U.S. diplomat is gunned down in Khartoum

Times Staff Writer

A U.S. diplomat and his driver were fatally shot early Tuesday in Khartoum, the capital of war-torn Sudan, U.S. officials said.

John Granville, 33, who grew up in Buffalo, N.Y., worked for the United States Agency for International Development. Reports indicated that Granville was shot four or five times while being driven home about 4 a.m., suffering wounds in the abdomen, hand and left shoulder. He died several hours later at a hospital, U.S. officials said.

The driver died at the scene from injuries in the shooting, according to SUNA, the Sudanese state news agency. USAID identified him as Abdelrahman Abbas Rahama, 39, a Sudanese national who worked for the agency.


Granville was part of a project to advance democratic practices in Sudan, according to USAID’s website.

“Africa became very special to John,” Granville’s family said in a statement. “John was part of a team trying to negotiate peace in Sudan.”

Sudan’s Foreign Ministry said the attack on Granville was “an isolated incident which has no political connections,” according to Agence France-Presse. Sudanese officials said another car cut off Granville’s vehicle, the Associated Press reported. One or more assailants opened fire and then fled.

SUNA quoted a Foreign Ministry spokesman as expressing “deep regret” over Granville’s death and vowing to bring the assailants to justice. The government “would spare no efforts in providing security and protection to all foreign diplomats accredited in Sudan,” the spokesman said.

Karl Duckworth, a spokesman for the State Department, said it was too early to determine the cause of the attack and that officials were working with Sudanese authorities to investigate the incident.

The State Department in September warned U.S. citizens against traveling to Sudan, citing the fighting in the predominantly Sunni Muslim country’s Darfur region and the possibility of terrorist attacks.


The warning noted that U.S. officials had “received indications of terrorist threats aimed at American and Western interests in Sudan.” But the warning indicated that the threat was greater outside Khartoum.

The U.S. government has tried to pressure Sudan’s military regime to resolve the crisis in Darfur, where non-Arab rebels have been fighting the Khartoum government and Arab militias since 2003. In May, President Bush tightened sanctions against Sudan, and on Monday he signed legislation to restrict U.S. investment there.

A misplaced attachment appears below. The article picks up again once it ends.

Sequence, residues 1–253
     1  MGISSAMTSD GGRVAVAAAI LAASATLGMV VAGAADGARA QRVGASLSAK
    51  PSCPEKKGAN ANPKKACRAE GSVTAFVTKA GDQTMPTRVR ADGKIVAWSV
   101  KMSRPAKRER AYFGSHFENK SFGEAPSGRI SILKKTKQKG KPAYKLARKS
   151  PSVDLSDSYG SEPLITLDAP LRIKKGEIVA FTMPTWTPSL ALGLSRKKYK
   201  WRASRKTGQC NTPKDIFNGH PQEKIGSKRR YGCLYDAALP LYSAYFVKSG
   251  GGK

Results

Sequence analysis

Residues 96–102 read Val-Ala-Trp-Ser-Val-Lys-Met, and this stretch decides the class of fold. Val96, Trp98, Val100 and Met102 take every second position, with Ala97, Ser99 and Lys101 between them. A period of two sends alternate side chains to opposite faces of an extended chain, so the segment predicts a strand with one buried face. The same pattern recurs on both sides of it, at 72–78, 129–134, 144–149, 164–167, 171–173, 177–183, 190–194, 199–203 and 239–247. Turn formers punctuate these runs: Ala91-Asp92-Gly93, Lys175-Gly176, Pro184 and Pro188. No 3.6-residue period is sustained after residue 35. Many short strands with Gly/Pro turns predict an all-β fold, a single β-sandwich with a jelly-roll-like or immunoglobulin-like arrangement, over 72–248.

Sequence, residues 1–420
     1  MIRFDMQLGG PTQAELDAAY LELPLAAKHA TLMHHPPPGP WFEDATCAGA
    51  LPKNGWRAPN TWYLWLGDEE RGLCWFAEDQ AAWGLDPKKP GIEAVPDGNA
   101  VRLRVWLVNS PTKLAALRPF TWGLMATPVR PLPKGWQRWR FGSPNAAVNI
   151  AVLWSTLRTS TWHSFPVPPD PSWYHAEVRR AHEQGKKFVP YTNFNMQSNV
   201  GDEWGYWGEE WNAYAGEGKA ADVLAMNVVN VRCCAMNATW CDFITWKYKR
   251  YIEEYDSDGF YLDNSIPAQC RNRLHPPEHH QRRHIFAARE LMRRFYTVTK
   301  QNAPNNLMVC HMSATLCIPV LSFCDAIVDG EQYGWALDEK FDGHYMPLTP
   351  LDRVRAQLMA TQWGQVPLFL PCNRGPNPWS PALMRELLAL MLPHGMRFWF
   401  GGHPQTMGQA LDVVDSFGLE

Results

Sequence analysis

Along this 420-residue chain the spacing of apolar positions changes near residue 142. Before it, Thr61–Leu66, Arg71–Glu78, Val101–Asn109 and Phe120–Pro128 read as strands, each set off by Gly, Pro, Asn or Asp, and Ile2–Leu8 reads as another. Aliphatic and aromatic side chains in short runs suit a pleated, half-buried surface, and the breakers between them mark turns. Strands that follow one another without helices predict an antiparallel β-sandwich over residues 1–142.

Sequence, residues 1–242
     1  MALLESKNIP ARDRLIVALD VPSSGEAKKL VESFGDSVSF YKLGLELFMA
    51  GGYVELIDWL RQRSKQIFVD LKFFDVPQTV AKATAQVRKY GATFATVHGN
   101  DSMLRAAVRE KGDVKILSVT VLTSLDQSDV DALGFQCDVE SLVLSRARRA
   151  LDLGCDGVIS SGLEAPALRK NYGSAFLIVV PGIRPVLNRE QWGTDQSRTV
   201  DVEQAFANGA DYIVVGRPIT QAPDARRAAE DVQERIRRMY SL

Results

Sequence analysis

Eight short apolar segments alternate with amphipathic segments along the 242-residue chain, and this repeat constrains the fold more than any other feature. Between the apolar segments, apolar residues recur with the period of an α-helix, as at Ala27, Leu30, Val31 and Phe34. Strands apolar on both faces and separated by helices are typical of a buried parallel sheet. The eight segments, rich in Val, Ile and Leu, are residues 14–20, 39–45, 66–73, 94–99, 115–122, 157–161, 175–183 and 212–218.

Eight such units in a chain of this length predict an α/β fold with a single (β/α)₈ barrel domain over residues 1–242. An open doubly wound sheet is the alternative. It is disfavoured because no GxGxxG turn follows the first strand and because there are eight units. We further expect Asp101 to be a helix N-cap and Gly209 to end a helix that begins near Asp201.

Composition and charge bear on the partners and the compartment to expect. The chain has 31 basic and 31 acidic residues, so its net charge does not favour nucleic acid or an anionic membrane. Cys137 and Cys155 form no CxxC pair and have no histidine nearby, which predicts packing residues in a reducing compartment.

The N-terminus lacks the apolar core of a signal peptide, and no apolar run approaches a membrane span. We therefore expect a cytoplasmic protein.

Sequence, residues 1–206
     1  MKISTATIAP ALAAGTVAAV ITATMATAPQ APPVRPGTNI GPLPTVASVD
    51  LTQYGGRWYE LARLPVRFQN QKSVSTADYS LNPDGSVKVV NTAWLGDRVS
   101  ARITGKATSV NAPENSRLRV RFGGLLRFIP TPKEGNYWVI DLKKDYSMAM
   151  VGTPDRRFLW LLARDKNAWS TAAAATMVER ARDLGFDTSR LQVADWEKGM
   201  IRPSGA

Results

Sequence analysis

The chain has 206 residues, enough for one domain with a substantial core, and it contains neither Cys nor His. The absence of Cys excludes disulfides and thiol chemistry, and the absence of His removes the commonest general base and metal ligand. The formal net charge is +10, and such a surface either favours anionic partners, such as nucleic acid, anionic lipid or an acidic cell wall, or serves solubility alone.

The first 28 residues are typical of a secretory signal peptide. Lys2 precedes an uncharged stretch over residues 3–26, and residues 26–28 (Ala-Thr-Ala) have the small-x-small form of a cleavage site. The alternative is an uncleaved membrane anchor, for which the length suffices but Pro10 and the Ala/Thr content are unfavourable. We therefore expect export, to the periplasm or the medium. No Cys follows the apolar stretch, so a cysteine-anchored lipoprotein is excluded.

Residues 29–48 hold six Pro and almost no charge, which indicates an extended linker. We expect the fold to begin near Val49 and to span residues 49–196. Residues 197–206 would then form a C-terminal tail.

But the CIA has worked with Sudan to collect intelligence on Al Qaeda’s presence in Iraq, and a State Department report last year called the country a “strong partner in the war on terror.”

Deaths of U.S. foreign affairs officials are infrequent, but at least 18 have been killed in the last 10 years while serving overseas, according to the American Foreign Service Assn., a professional group for diplomats. In Sudan in 1973, U.S. Ambassador Cleo Noel Jr. and senior U.S. official George Curtis Moore were slain by Palestinian militants, and a USAID employee died in a car accident in Khartoum in 1981.

The attack on Granville and his driver came a day after an African Union-United Nations force took over peacekeeping duties in Darfur, in the country’s west. The conflict has killed an estimated 200,000 people and created a humanitarian crisis with at least 2 million people having had to flee their homes.

Granville was a Peace Corps volunteer in Cameroon, where he helped build the first school in a rural village, his family said. He was a graduate of Fordham University and earned a masters degree in International Development and Social Change from Clark University in Worcester, Mass., in 2003.


USAID reopened its mission in Sudan in May 2006 after the signing of a peace agreement that ended a 21-year civil war between northern and southern Sudan.

Granville was a USAID democracy fellow as part of his work in Sudan. According to the USAID website, Granville’s project involved distributing radios to people in the southern part of Sudan to maximize the effect of the agency’s broadcasting initiatives. An undated photo on the site shows Granville smiling with a group of Sudanese people holding up radios.